Announcement of Palmyra's Discovery

Dublin Core


Announcement of Palmyra's Discovery


The Naval Chronicle was the original source for the announcement of Palmyra's discovery by Captain Cornelius Sowle, as described in this excerpt. There are 2 important things to note:

1. The spelling of the captain's name is Sowle, not Sawle, as most modern sources say, despite this excerpt being, by all accounts, the first mention of Palmyra in any formal publication.

2. Palmyra was technically first discovered by Captain Cook in 1798, but his memoirs describing the discovery were not published until after Captain Sowle's.


Captain Cornelius Sowle


Naval Chronicle


Royal Navy of the United Kingdom




Public Domain





Text Item Type Metadata


MR. EDITOR, I REQUEST you to insert in your Journal the following description of a newly discovered island in the South Sea, which was seen by Capt. Sowle, in the American Ship Palmyra, of Providence, Rhode Island, on the 10th of November, 1802. As the weather was fine, that day, at noon, he had an observation of the sun's altitude, by which the latitude is accurately ascertained ; and as he took his departure from Christmas Island, and had a gentle westerly wind, it is scarcely possible there can be an error in the longitude, even of two or three miles. This Island lies out of the track of most Navigators, who pass either from America to Asia, or from Asia to America ; and, till lately, English Whalers have been prohibited fishing in that quarter, which accounts for its not having been seen, before ; it is, however, probable, that there are several other Islands in the same direction. Capt. Sowle thinks he passed one the day before, as he saw many birds, and imagined he heard breakers ; but the weather being very hazy, he could not see either rocks or land. I am, Sir, Yours, &c. WILLIAM JACOB.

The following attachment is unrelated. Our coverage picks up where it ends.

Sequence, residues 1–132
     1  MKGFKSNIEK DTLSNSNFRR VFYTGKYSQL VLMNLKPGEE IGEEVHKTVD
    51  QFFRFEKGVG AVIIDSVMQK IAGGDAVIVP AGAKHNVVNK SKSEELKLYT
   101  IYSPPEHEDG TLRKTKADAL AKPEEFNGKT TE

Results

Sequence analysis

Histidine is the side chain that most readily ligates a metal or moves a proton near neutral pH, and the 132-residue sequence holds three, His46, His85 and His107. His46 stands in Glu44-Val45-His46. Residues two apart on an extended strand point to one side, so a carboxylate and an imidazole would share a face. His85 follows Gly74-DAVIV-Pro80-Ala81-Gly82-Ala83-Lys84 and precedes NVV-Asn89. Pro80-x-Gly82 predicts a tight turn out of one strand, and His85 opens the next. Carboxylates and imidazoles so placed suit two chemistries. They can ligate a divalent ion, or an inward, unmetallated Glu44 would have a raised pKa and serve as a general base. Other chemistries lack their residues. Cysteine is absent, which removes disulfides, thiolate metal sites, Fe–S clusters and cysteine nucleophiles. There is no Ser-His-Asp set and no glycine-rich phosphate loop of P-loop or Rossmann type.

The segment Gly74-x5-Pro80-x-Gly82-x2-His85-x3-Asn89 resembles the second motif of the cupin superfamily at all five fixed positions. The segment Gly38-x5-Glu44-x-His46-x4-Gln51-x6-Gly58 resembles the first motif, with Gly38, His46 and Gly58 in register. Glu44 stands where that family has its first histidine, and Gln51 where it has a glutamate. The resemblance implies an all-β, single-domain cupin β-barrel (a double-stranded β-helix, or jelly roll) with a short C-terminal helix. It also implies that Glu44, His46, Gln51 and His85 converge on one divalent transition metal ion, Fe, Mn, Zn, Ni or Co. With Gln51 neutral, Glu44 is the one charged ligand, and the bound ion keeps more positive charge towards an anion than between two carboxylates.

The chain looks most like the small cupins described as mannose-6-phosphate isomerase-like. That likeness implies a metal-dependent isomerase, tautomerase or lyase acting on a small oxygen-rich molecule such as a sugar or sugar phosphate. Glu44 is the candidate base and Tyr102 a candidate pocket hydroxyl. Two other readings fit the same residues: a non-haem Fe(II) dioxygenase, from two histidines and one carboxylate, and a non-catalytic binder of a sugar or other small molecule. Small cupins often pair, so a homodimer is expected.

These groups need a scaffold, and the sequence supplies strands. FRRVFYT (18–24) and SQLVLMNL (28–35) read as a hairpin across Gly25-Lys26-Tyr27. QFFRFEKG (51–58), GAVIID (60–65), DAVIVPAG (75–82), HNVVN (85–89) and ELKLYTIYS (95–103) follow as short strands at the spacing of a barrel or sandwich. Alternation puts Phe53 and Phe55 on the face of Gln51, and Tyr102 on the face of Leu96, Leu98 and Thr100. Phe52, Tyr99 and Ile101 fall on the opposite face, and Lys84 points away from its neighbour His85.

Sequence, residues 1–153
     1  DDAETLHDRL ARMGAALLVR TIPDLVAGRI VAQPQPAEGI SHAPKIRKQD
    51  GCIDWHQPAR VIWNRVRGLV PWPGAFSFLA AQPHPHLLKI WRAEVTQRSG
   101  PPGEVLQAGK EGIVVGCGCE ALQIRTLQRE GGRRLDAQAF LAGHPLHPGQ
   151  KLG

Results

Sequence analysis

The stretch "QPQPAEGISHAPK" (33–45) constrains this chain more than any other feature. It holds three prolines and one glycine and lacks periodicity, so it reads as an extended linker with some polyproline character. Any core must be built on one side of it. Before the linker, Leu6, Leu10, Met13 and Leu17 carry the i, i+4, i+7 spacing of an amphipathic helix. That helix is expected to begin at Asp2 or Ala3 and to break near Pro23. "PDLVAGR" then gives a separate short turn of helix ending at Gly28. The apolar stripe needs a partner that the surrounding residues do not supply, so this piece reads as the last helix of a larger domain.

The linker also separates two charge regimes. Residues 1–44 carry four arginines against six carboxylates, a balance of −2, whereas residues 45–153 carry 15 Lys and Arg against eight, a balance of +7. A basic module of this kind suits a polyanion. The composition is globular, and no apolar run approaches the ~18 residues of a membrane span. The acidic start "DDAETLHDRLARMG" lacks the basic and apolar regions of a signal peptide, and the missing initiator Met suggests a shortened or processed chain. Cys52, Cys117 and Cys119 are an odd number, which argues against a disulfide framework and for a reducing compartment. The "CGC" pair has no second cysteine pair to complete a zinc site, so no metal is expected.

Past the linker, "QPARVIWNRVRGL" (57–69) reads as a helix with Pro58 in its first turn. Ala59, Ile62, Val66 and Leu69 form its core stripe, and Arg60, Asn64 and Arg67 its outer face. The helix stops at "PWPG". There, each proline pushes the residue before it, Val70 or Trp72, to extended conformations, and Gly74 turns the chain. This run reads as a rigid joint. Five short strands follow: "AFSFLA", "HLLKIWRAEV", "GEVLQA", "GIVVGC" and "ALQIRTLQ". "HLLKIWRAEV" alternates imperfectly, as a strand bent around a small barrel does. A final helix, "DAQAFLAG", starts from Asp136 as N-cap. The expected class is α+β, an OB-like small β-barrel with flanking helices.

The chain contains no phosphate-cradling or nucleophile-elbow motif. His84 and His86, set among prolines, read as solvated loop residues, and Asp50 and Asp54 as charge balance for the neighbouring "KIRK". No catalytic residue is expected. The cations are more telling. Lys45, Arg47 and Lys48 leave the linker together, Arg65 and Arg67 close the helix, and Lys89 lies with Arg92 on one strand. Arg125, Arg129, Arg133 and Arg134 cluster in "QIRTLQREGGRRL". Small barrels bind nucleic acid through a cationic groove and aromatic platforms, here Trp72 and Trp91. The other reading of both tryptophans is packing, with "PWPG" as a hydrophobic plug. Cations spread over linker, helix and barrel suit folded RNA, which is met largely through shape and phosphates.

PALMYRA ISLAND is situated in lat. 5° 49' N. and in long. 162° 23' W. from London ; it is about three leagues in extent ; there are two lagoons on it ; in the westernmost of which is twenty fathom water, with a tine sandy bottom. It is very dangerous to approach the western part of the island, on account of the coral rocks which are just below the surface of the water, and extend to the distance of three or four leagues from the shore. The eastern part terminates in a steep reef of coral, over which the sea breaks with considerable force.

CORRECT RELATION OF SHIPWRECKS. On the north-west side there is good anchoring ground, about three quarters of a mile from the breakers, in eighteen fathom water, on a coral bottom. There are no inhabitants on the island ; nor was any fresh water found ; but cocoanuts of very large size are in great abundance ; and fish of various kinds, and in large shoals, surrounded the land. A great quantity of driftwood lay on the beach, which enabled those who landed to ascertain that the rise of the tide was about eighteen inches.

Original Format



Captain Cornelius Sowle, “Announcement of Palmyra's Discovery,” Palmyra Archive, accessed October 28, 2020,


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